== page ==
The people you start hiring for your spin studio will determine the quality of your studio and your customers’ experience. It’s not always easy to choose who should work for your studio especially when you’re just starting out. You should hire people that you would want to be in a studio you attend.

From the front desk to the instructors, every single person you hire matters. Depending on how involved you plan on being in your studio, you will most likely not have the chance to interact with every one of your customers. This means that the people who you hire may be the only point of contact between your customers and your studio. Hiring people who have excellent customer service skills, friendly dispositions, and a passion for what they do will help make your studio successful. Below are some things to consider when hiring for your spin studio.

Hire People Who Believe in What You Do

In Simon Sinek’s recent TED Talk on great leadership, he said, “Hire people who believe what you believe and you’ll never fail.” The trick to this bit of wisdom is to figure out what you believe in before you hire people. What are your motivations for opening a spin studio? What do you want the guiding principle of your spin studio to be? Finding inspiration in other fitness studios you’ve been to and thinking about what drives your own fitness journey is a great to way to figure this out.

Really connect with yourself to determine what you believe in. From there, you begin to hire people whose priorities are similar. By ensuring the people you hire are as passionate about your business as you are, you can assure your members are in good hands. People who are passionate about their jobs won’t need to be pestered about showing up on time or leading a class with full energy. Hiring people who truly love spinning will likely stay long-term in your studio. In return, this brings you more loyal, community-driven clients.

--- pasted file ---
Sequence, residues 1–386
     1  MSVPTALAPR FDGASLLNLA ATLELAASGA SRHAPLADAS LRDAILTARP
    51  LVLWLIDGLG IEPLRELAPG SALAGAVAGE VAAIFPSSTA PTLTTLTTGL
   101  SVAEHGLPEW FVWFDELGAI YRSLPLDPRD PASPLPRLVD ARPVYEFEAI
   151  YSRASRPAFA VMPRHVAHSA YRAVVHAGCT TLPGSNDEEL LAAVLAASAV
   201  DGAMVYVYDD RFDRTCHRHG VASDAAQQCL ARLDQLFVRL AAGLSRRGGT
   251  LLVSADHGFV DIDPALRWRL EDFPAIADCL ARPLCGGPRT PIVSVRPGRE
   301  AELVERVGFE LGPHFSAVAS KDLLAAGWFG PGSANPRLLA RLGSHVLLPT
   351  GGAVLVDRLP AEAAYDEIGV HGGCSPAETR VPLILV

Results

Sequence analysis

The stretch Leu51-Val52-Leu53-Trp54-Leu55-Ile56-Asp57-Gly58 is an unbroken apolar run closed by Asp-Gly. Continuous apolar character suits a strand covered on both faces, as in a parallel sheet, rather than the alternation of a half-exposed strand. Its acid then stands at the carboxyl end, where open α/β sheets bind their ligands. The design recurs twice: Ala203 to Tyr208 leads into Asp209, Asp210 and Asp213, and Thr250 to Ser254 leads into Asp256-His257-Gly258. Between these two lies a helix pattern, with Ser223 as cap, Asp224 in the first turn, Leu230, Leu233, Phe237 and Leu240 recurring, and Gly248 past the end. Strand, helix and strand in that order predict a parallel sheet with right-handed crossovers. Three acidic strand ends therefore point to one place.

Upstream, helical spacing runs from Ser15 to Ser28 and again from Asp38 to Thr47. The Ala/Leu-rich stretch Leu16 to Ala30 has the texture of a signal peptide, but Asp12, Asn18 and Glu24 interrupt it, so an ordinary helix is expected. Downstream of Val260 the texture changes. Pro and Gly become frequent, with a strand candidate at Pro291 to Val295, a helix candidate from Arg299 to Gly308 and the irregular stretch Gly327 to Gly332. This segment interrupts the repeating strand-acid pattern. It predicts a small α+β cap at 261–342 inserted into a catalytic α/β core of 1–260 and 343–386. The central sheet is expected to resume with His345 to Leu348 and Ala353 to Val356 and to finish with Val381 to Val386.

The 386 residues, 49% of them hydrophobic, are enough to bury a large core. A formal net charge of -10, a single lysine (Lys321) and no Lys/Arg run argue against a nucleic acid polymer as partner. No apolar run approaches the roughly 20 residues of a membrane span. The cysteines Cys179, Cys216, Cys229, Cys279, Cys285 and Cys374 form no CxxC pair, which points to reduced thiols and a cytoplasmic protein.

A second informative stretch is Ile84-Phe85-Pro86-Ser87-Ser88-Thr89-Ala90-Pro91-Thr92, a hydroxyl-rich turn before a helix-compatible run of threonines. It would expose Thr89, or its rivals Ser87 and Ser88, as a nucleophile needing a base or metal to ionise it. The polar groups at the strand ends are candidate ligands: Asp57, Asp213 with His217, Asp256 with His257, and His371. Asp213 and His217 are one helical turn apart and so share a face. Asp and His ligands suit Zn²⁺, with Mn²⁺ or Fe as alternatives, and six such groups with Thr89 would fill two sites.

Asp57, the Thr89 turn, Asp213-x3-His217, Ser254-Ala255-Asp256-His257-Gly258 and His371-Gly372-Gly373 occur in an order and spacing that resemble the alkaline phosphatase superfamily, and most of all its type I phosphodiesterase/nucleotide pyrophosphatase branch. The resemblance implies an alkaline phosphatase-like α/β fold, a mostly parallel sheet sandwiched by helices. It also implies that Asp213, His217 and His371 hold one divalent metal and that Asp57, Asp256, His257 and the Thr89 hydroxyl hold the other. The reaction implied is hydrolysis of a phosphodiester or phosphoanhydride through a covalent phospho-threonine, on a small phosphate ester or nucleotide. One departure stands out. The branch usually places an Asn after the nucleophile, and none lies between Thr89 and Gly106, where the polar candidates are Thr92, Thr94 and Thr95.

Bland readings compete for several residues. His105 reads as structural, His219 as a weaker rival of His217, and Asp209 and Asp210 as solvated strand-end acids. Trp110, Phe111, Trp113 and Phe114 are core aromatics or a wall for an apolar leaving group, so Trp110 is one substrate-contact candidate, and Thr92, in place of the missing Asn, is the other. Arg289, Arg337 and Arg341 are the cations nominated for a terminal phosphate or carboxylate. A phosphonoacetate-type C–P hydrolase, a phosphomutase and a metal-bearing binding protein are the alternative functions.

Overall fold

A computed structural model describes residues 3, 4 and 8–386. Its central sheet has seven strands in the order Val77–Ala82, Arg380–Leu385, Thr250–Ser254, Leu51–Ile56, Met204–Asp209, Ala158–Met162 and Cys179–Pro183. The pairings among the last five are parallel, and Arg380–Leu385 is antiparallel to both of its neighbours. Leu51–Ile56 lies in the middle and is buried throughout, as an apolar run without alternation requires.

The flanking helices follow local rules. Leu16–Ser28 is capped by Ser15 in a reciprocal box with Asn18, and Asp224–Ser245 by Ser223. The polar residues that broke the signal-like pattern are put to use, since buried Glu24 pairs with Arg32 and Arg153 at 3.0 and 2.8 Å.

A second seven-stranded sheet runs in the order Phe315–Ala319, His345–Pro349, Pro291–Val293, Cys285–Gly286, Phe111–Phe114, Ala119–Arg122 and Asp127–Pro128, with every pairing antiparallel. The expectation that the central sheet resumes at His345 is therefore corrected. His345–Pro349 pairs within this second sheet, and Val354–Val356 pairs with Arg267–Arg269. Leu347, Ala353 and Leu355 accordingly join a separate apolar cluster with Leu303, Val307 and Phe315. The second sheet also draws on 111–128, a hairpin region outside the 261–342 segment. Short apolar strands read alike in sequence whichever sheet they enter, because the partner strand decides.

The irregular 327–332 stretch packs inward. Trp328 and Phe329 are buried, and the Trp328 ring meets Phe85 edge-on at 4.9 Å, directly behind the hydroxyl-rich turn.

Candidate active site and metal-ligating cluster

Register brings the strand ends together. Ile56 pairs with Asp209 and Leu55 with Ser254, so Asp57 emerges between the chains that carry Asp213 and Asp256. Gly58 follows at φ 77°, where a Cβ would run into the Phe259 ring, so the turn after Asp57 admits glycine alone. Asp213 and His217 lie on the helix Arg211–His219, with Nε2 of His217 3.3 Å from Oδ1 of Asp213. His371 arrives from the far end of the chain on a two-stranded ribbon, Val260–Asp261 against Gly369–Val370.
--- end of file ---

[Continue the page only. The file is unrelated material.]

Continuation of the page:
Employ vs Contract

When hiring for a spin studio you have two options—employ or contract. So, what’s the difference?

Hiring an employee as an independent contractor means that they are responsible for paying their own state and federal taxes. These instructors work essentially as freelancers. This means benefits you would receive for a full or part-time employee like healthcare or vacation time aren’t guaranteed. This also means that these instructors are often working for multiple studios or gyms at the same time. One of the keys to building brand loyalty will involve letting members play “favorites” with their instructors. If one of your instructors is also teaching at another studio, this can draw members away from your studio.

On the other hand, hiring instructors as employees means that as an employer you withhold federal tax, social security, and Medicare. Both full-time and part-time employees generally receive some paid vacation, sick pay, healthcare, and an hourly wage or yearly salary. All of these things can cost your business money but may be worth it for retaining the exclusivity of your instructors. There is a major non-compete factor in hiring an employee versus a contractor. And the option to maintain more control over the style of teaching at your studio plays a role, too.

Gather Client Feedback

Since your customers are the most important part of your business, it’s a good idea to get a feel for what they think of your instructors and staff. Encourage members to leave feedback after their class by sending them an email with a link or rating. You can also make commentary cards available at your front desk, or use a tablet where people can rate their class experience and leave feedback. Make it as easy as possible for your members to leave feedback, both positive and constructive. This way you can get a better sense of how your instructors are performing. With valuable customer feedback, you can let your staff know how great of a job they’re doing. Then, you can begin to help them work to strengthen their weak areas.

Making hires that inspire your members is an important step to running a successful spin studio. Your instructors will determine the quality of your classes and your customers’ experience. Hiring passionate people, determining whether you want to employ or contract your instructors, and gathering feedback can help you make the right decision when it comes to hiring instructors and staff.

 

William Colbert

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